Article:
To access this resource, simply click on ‘digital resources’ on the National Archives of Ireland homepage, and then on the hyperlink to the CSORP website.
The registered papers of the Office of Chief Secretary of Ireland on this website include petitions regarding all manner of aspect of transportation of convicts, from movement from local gaols to supplies on board ships. There are also petitions from families who remained in Ireland when their relatives were transported, as well as a variety of correspondence from officials about the processes of transportation and free emigration.
One example of such correspondence awaited discovery in the Chief Secretary’s Office Registered Papers: a document with two enclosed letters describing the plight of an A McEvoy. The first was written by John Cope Chetwood on 28 July 1822, from Woodbrook. Here is an excerpt:
Sir, Having received a communication from London last post that there was to be a convict ship to sail very soon from Cork and that there has been an order for a passage for some free women and children whose husbands are in New South Wales, may I request to know if such an order has been given for a woman of the name of Ann McAvoy (sic) and 3 children whose husband was sent out about two years ago – [and? news?] transmitted from Dublin to Cork – he now lives with a Gentleman in that settlement and has some land and could maintain his wife and children very comfortably and is conducting himself very well.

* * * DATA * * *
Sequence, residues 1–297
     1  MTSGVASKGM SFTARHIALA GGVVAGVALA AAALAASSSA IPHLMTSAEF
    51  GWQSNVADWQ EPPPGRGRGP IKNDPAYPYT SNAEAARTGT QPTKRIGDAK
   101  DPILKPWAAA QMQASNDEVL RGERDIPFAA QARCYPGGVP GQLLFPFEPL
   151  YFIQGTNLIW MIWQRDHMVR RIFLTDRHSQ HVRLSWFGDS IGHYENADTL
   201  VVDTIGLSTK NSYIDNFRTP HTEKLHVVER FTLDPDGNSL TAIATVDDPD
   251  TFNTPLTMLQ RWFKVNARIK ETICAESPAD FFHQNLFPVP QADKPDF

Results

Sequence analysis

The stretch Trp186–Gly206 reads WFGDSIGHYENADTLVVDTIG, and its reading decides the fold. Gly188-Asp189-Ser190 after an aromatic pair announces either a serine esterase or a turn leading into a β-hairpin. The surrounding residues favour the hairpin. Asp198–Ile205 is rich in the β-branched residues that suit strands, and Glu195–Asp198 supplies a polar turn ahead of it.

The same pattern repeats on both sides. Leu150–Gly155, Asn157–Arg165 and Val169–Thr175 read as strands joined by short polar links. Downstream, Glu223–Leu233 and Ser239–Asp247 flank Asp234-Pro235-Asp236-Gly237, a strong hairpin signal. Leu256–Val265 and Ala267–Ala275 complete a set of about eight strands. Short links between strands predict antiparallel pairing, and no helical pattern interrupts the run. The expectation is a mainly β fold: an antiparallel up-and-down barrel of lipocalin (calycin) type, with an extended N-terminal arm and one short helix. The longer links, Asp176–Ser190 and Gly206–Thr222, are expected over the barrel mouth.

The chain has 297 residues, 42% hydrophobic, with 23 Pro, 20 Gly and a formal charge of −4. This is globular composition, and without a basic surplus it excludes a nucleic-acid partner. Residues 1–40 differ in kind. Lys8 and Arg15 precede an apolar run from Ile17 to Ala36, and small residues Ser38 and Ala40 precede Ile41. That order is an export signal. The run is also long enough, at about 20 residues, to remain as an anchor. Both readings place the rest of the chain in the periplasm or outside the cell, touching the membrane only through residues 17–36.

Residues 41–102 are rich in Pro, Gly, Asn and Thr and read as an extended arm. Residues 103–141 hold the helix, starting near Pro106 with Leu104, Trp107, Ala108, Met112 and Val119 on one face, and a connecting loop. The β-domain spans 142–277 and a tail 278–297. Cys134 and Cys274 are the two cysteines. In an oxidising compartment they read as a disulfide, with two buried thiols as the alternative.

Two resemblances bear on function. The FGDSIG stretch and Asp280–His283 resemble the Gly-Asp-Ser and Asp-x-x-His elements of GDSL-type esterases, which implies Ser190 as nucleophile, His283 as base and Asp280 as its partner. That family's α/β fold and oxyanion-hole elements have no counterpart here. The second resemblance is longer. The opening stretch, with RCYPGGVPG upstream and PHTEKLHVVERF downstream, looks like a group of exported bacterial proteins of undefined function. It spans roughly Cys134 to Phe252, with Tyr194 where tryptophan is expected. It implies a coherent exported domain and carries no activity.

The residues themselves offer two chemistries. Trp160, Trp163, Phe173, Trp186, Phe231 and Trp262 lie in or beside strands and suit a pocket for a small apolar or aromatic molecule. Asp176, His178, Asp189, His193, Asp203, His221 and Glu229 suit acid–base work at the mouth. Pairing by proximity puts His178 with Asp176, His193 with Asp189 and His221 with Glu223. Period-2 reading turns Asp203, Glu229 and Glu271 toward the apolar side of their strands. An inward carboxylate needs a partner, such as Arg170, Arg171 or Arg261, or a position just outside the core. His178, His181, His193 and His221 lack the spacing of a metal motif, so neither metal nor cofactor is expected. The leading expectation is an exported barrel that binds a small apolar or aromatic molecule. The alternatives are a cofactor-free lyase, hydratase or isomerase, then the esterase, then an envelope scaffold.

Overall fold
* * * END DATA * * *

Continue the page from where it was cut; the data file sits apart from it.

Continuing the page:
John Cope Chetwood then sent a follow-up letter on 11 August 1822, again asking for information on Ann:
She having been promised to go the first opportunity with any free women that might be joining Mr Espie attended the ship that this woman’s husband went in. He has now got a very comfortable situation so as to enable him to support her and her three children very comfortably… If no passage has been ordered for her you will have the goodness to have her name inserted in the list, as it would be a most expensive journey to her to go to Woolwich with her three children to obtain a passage.
Happily, a passenger by the name of A McEvoy undertook such free passage to NSW in 1822.
Other correspondence include James Grace Moran’s petition for employment in Ireland, which provided details of his military career, including service in the 73rd Regiment in New South Wales. Another example was James Farrell Jnr, from Athlone, who petitioned to be allowed to purchase land in New South Wales. In 1822, Timothy Nowlan applied to be allowed to take 50 merino sheep to New South Wales on the convict ship Mangles.